Yesterday Dave and I participated in the first Westminster KC agility trial with Chili, Salsa, and Candy.  This was first class event, as I would have expected.  A dog event in Manhattan comes with its own challenges (like convincing the dogs to poop someplace other than the ring), but getting into the city and unloading was as stress free as possible.

This was an excellent/ masters only trial with a random draw for entries.  We opted to enter our most consistent dogs to have the best chance of success.  I had considered entering Juno, since she would have been the only GBGV able to compete at Westminster this year.  Bringing her might have brought some publicity for the breed, but I don’t think she could have handled the challenging courses and chaotic environment without getting really overstimulated and out of control.  I kind of feel that Juno and I have done our part to promote the breed without a lot of appreciation and don’t plan to do events like this with her unless it’s what feel is best for us as a team.  Chili and Salsa were the only PBGVs running in agility, so they got quite a bit of attention.

As you would have expected, the trial drew a large crowd of spectators.  This was hard for my sensitive hound girls, but they stayed focused on me and worked through their worry to have clean runs.  Later in the day another exhibitor commented to me about how much the crowd loved my PBGVs.  This helped give me some perspective because all I was thinking was how much my PBGVs did not love the crowd.  Both hounds qualified in standard and picked up some MACH points.  The jumpers course was somewhat tight and international in style.  Salsa shut down in the weave poles and took a few jumps to recover, so she ended up a little over time.  Chili ran later and I knew I would have to push hard to get our double Q, so I did some creative handling and a lot of blind crosses to keep her moving.  We did get the QQ, but no finals spot since pretty much everybody is faster than us.  Dave and Candy had a Q on the jumpers course also.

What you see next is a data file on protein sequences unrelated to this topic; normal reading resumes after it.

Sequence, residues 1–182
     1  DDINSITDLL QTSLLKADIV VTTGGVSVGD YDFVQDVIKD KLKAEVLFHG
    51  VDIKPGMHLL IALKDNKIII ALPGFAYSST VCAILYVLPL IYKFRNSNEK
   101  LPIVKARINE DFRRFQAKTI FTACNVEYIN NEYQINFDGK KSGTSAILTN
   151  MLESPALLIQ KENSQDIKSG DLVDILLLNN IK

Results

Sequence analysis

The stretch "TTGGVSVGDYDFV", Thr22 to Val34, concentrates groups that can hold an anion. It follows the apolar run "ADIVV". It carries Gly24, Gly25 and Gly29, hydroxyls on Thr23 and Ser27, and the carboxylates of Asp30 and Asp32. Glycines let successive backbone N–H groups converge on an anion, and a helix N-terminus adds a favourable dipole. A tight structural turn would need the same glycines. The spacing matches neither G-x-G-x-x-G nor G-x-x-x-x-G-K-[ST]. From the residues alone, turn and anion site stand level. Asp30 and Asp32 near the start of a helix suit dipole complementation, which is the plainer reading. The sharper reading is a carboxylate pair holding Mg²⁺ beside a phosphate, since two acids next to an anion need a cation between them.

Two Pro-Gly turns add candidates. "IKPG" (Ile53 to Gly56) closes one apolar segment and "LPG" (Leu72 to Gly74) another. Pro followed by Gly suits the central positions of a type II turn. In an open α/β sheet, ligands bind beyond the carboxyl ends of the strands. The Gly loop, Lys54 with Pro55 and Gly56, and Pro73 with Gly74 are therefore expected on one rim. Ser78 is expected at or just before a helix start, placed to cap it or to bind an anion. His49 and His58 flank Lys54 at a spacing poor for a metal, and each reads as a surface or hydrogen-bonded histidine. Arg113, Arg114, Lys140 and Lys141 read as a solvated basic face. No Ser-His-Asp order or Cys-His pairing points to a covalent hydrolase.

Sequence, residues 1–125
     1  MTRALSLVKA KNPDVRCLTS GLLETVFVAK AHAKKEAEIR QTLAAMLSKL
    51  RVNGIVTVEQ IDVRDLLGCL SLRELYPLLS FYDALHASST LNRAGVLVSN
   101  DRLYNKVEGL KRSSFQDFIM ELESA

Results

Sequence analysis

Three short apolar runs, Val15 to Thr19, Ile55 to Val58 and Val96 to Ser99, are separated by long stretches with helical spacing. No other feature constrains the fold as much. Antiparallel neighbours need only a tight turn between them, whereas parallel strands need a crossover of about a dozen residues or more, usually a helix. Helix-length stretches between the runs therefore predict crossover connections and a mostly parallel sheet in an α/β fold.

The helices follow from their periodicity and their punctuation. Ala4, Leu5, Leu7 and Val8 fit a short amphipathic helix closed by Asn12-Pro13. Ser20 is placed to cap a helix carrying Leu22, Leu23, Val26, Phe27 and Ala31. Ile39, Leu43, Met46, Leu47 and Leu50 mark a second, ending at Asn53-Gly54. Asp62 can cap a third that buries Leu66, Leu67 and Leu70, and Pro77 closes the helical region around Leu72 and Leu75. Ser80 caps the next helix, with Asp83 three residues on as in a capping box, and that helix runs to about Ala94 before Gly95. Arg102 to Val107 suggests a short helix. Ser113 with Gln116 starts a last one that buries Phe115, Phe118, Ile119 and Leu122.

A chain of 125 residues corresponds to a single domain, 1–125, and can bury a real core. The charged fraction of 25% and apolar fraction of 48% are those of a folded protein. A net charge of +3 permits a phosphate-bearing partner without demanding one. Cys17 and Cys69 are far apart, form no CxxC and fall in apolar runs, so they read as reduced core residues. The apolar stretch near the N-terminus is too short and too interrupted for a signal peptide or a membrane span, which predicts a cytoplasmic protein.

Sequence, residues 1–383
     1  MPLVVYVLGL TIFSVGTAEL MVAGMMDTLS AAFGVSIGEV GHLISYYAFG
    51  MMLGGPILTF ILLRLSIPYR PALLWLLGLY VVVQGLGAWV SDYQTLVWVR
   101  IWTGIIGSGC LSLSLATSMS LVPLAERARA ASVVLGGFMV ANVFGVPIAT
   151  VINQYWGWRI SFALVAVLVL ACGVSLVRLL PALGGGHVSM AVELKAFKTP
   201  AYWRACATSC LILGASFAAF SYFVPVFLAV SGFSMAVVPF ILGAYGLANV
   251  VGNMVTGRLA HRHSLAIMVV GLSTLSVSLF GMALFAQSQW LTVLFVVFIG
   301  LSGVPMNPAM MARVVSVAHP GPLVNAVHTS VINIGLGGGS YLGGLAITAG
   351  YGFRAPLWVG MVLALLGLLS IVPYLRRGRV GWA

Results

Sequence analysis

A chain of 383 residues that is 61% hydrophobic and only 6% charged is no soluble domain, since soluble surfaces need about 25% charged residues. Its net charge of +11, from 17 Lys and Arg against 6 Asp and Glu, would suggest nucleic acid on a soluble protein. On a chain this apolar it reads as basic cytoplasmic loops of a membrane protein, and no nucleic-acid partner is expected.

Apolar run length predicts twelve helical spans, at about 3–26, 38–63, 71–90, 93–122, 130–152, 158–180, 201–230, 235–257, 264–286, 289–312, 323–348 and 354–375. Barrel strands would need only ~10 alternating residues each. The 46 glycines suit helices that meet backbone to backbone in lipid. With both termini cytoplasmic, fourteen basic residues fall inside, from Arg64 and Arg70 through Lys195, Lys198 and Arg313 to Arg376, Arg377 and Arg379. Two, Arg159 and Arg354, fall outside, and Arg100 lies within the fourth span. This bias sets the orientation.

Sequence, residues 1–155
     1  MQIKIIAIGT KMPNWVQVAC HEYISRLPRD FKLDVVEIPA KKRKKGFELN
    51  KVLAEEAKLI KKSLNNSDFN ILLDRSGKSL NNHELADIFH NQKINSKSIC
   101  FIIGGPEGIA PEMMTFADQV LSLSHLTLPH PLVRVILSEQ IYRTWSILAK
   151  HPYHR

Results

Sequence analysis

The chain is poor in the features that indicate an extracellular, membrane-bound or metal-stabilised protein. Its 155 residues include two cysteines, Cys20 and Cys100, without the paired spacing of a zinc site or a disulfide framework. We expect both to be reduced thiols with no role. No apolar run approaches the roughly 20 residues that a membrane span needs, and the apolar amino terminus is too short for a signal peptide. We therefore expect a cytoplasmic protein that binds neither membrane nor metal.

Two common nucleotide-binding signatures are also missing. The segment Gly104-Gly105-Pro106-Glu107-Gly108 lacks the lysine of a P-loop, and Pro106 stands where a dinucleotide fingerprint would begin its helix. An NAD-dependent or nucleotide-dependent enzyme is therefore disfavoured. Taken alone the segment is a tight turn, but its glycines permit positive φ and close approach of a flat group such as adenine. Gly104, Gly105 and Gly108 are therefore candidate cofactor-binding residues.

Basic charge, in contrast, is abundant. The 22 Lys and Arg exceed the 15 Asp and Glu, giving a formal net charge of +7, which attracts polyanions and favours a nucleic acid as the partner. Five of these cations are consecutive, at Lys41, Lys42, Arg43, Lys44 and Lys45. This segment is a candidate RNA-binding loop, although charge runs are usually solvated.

Most of the press relating to this event involved the fact that mixed breeds were competing at Westminster for the first time and this was a common topic of questions from a lot of the reporters present.  A fact that hasn’t been mentioned in the press is that many of the successful mixed breeds in agility are not shelter dogs, but purpose bred Sport Mixes created to maximize speed in sports like agility and flyball.  One reporter seemed surprised to learn that the vast majority of the dogs competing in agility were not rescues, but had come from responsible breeders who screen breeding stock for health and work to provide early socialization for their litters.  If selective breeding didn’t work in dogs, we wouldn’t have the wide variety of breeds that exist today.  Plenty of scientific research exists on the importance of early handling and socialization for puppies.  I hate that it isn’t socially acceptable to recommend choosing a dog based on objective criteria like breed, size, coat type, health, and temperament instead of subjectively based on a sad story.  If rehabilitating dogs is the right choice for you, great.  But if someone is looking for a competition sports dog, a working service dog, or even an easy going family pet, I believe that the odds of finding the right dog are often better by working with a responsible breeder.  I’m proud to be the breeder of Chili, Salsa, and Candy and don’t think I should have to apologize to anyone for that.February 2014 010